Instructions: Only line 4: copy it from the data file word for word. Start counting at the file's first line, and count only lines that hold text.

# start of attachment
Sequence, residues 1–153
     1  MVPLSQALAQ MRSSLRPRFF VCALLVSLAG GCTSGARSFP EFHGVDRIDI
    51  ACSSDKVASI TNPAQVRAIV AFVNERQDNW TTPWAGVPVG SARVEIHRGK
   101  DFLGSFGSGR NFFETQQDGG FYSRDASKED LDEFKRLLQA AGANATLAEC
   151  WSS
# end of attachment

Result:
   101  DFLGSFGSGR NFFETQQDGG FYSRDASKED LDEFKRLLQA AGANATLAEC